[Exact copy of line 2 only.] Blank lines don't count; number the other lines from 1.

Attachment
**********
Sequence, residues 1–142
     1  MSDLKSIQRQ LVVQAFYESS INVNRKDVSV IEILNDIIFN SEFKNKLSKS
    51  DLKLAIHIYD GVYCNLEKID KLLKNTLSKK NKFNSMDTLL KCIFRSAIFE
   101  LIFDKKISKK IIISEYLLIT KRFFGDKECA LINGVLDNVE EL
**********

     1  MSDLKSIQRQ LVVQAFYESS INVNRKDVSV IEILNDIIFN SEFKNKLSKS